This is the band that has a woman singing up front of an extreme power metal band. Rather than go for the goth metal or the pretty frock metal route, this lot have a woman with sandpaper coating her throat singing. Her vocals are called ferocious and no one who has no idea about this band will have any clue she is a woman. The great thing about it, is instead of banshee ear-piercing screeching, she takes on her male counterparts and their own game.
Whether you call this melodic death metal or power metal with death metal vocals it doesn’t matter. This release is decent for sure, but there is something missing in it. First of all there seems to be no bass in the mix at all and secondly none of the songs really leap out at you. It’s solid overall but there is little in the form of a standout. One track seems to meld into the next. Quality playing from the Amott brothers, but it’s just missing that extra something to push it over the top
Still their/Angela’s fans will be all over this. They will hit the festival scene to appreciative crowds. The thing with this genre is there is quite a bit of quality kicking around and this is just decent. Quite frankly most will expect more from this band.
Alestorm: Back Through Time
This is one of those albums, a bit like Blackmore’s Night CDs, that a reviewer has to listen to two ways. The sober rational music critic way and the way it was meant to be heard. The latter requires ale, or your preferred tipple, and a bit of a pissy mood. Its hard not to smile about this release in either mode, however the latter makes it all the more fun. This is drinking metal, as if the name weren’t a good enough hint, and not bashful about it. Songs are about reasons to drink or the tall tales told when you have had too much.
The band even manage to have some fun at the expense of their critics lyrically in the tune. They promise never to run out of lyrics. They are a bunch of Scots having a good time and not caring who it annoys. The opening track is obviously a nod to Pirates movies and Jack Sparrow. Clearly this is a band that it’s hard to take seriously and there is nothing wrong with that. That said there is nothing half-arsed about the playing or song-writing. Choruses are catchy as they should be and it moves along rather nicely.
While Koriklaani, Turisas, and even Tyr do a similar brand of seafaring tall tale telling folk metal, this is far more tongue-in-cheek. The aural version of the Sparrow saga with a touch of Jimmy Buffet moonlighting in a metal band.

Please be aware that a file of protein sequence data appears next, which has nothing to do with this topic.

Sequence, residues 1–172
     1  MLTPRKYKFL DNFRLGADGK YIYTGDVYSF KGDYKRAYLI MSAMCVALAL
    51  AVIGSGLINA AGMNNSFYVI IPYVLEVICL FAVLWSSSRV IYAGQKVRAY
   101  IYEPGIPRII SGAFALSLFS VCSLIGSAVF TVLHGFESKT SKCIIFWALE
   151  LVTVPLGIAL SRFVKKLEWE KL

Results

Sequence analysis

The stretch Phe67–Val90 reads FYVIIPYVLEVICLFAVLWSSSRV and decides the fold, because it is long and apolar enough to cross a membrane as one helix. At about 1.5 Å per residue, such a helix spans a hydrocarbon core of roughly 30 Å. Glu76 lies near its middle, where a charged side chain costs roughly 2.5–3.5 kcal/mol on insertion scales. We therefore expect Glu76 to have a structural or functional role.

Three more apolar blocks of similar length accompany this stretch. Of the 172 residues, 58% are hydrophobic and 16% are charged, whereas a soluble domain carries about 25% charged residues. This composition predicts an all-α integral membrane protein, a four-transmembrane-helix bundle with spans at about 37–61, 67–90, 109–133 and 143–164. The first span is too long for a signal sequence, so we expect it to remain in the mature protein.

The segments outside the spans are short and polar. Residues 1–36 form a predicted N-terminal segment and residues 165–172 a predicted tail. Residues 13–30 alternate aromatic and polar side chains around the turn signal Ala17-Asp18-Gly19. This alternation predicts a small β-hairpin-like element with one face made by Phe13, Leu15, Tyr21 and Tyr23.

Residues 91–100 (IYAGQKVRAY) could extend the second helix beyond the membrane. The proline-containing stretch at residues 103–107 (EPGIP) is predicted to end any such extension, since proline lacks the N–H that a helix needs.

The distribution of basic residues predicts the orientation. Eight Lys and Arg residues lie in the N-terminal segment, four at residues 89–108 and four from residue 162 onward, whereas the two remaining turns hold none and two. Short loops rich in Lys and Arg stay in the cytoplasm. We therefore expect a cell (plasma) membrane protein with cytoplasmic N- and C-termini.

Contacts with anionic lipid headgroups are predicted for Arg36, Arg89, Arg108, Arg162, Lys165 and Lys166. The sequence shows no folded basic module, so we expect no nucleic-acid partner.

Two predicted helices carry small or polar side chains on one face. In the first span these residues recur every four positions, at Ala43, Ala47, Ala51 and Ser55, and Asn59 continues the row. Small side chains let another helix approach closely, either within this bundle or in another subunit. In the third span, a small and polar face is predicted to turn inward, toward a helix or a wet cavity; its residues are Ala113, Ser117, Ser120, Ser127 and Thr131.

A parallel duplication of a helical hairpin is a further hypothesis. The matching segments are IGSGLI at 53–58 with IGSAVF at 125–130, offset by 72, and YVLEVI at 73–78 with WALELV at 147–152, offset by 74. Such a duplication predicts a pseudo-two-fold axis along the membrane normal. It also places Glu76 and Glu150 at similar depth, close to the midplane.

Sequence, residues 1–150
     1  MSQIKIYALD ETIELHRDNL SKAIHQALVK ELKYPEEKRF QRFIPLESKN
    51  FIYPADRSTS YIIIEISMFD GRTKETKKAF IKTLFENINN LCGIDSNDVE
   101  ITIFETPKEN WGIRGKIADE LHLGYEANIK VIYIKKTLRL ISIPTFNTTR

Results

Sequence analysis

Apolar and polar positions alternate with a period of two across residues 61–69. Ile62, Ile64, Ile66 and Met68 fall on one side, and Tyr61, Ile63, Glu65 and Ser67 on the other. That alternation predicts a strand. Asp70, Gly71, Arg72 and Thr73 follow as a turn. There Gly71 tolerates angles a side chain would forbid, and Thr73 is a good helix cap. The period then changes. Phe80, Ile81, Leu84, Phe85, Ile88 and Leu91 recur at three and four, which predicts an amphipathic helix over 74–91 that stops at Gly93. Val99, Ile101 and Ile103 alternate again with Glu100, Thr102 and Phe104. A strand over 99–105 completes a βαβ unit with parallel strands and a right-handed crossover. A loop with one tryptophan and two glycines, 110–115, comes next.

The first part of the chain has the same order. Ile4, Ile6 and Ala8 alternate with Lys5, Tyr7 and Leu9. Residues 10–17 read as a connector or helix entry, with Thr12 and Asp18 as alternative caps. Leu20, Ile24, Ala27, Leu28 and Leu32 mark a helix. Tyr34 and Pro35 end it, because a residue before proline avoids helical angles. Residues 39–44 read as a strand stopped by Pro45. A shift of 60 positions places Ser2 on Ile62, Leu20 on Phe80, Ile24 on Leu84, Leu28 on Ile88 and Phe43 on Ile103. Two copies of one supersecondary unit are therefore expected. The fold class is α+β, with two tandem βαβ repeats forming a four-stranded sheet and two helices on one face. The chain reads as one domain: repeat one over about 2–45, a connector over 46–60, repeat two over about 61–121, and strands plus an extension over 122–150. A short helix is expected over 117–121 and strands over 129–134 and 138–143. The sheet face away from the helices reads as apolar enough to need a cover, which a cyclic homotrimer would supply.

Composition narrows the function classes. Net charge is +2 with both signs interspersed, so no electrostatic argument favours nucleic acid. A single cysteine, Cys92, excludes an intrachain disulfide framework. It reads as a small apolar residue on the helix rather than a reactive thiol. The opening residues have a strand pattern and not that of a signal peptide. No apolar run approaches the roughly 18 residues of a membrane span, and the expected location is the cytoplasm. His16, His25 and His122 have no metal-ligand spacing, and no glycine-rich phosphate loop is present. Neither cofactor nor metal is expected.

Tyr: The Lay of Thrym
Topping their last effort was going to be pretty damn hard for this bunch of Faroe Islanders. By the Light of the Northern Star was a tour de force that wasn’t even ruined for me by the “water-mark voice-over” in the review copy I received. It was a great collection of power progressive folk metal done by a bunch of clever clogs who really know their chops. If you took my advice, grabbed a copy of that album and liked it, then don’t bother reading this review. There is no need really as this takes that formula and polishes it just enough to make it damn near perfect.
Tyr could have rested on their laurels and delivered the same again. But there is something extra special about this release. They have raised the bar of folk progressive metal for their fellow Scandinavian metallers. Tyr has the hammer of Thor and daring those other guys to take it back. Not one duff track to be had, all those elements you loved from the band and the genre. I defy you not to be signing along in Faroe, on the native language tracks, with the chorus second or third time through.
They even delve into the foggy sea-grass of Nordic images with “Shadow of Swastika”. Lyrically the song takes back those images so badly sullied by the mid-20th century evil arising from Germany. Tyr have raised their swords and taken back what is rightfully theirs. Oh yes and showing they’ve got iron for bones, they even include a “ballad” (of sorts) for good measure.
I guess the only thing left to wonder if they can top this next time out. It’s going to be hard that is for sure. The genre does not get any better than this.
When on that epic Viking note, I need to end. As I ponder next week’s column, make sure to stay safe and rocking.